Over the course of April we are exploring the studies registered with the Society for One-Place Studies featuring those that correspond to the relevant letter of the alphabet.
What is a One Place Study? That is a fine question and rather than me explain, I will refer you to the Society’s informative website. If you are interested in joining us and /or registering a study we of course welcome you. You can find the joining information HERE.
S is for...
Scar Village, Nidderdale: This North Yorkshire study is fascinating because the place only existed for a period of about twenty years. It has been registered with the Society for One-Place Studies by Dawn, who has her own ancestry deep within the fibres of this parish. I am not going to tell you more about it, because I think you should head over to the profile page and read all about it. If you have a connection to Scar Village, please contact Dawn via email.
Snow Hill: For this study we head across the Atlantic to the United States. Snow Hill, or as it was known pre 1926, Lawnside, is located in the State of New Jersey. The study began as a tribute to a community that has given so much to the study host. What a lovely sentiment that is!
The town is small, comprising of just 1.4 square miles and for a time was the only town in New Jersey of African American heritage. Registered with the Society for One-Place Studies by Shamele, the study has its own website, which is well worth a visit as it brings to life a fascinating history.
Somers Town: Located in what is known as Greater London, this study, which is registered with the Society for One-Place Studies, is an example of how a study can be established within even the largest of cities. The study is being carefully and methodically pieced together by Tony who is the study host, as he focuses on the last 150 years using the oral history of his mother to give a strong foundation to the study. If your ancestors connect to this part of London, please contact Tony.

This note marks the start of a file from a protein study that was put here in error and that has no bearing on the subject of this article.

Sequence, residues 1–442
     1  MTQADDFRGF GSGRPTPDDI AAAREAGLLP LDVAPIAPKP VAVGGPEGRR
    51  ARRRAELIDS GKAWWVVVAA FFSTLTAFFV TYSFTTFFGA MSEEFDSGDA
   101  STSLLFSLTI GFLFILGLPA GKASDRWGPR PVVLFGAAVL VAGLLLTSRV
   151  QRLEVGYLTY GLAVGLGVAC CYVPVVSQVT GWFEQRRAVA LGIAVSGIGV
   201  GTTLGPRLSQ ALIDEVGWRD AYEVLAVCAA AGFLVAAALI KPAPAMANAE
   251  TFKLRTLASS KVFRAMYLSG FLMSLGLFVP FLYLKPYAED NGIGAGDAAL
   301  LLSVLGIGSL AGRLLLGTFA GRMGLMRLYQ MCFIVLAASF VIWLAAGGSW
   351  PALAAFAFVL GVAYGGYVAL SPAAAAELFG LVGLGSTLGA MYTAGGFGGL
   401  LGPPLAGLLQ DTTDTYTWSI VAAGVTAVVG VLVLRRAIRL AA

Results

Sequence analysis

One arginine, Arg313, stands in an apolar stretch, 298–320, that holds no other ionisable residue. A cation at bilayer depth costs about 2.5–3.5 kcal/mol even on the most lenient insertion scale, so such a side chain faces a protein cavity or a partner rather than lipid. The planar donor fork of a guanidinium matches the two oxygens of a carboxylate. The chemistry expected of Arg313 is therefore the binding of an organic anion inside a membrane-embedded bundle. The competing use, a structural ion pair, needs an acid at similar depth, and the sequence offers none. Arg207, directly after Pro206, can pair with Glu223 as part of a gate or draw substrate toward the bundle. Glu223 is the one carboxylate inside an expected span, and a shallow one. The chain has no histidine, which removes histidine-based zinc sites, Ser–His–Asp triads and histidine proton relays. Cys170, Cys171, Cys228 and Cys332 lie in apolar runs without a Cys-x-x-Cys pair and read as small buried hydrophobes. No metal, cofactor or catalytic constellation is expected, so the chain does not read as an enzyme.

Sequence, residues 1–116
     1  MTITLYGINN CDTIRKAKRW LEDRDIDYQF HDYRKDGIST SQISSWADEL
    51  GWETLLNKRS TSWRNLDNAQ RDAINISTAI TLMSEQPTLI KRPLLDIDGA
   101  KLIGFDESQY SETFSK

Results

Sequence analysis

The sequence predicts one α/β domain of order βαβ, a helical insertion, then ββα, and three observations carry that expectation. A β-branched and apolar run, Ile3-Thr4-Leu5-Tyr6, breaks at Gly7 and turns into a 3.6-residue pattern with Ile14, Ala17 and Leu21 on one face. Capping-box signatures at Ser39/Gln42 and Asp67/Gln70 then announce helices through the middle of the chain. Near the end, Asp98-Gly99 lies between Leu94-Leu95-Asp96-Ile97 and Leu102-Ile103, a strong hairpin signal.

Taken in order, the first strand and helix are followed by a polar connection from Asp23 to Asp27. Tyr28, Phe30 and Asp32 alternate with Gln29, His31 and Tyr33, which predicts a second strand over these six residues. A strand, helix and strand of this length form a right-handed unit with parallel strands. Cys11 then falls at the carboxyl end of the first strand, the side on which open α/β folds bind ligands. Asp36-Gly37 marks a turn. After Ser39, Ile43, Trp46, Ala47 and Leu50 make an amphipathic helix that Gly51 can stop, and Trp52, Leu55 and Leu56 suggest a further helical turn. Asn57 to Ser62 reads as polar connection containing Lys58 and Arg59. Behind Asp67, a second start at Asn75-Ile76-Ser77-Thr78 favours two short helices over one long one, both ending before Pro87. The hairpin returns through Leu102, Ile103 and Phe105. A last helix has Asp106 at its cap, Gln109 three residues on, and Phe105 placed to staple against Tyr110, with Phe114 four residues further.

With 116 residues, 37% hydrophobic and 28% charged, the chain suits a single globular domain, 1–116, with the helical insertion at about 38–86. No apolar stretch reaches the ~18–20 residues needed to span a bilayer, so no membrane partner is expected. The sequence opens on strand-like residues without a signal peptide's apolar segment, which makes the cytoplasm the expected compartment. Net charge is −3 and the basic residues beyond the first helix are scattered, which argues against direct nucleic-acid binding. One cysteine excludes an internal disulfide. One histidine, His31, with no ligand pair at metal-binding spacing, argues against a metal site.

“Springhill, a collection of houses in the Higher Cloughfold area of Rossendale, Lancs. It is currently made up of 12 houses but this number has increased and decreased over the years as outbuildings have been converted to dwellings, a large house subdivided and smaller cottages knocked through. It is not special – nobody famous lived here and no national events occurred here. Yet this study illustrates many of the things which make a one-place study fascinating and frustrating. Sadly, they don’t all begin with ‘S’.
The first is a sense of identification with the place which often drives the study in the first place. Five generations of my family have lived in our house – each with different birth surnames so not obvious from the records. The history of my family is inexorably linked with the history of our house, and that of the larger house of which it was once part, and that of the estate attached to that mansion, and the village in which it is located, most of which was owned by the mansion owner.
This leads to the second illustration, that of boundaries. ‘Springhill’ as such only exists as a postal district. It isn’t marked on a map and many locals wouldn’t be able to give directions. Higher Cloughfold, the village, is on the map but has no clearly defined boundaries and merges into the next village. My ‘one place’ includes what I want it to include, which is fine as long as that is upfront.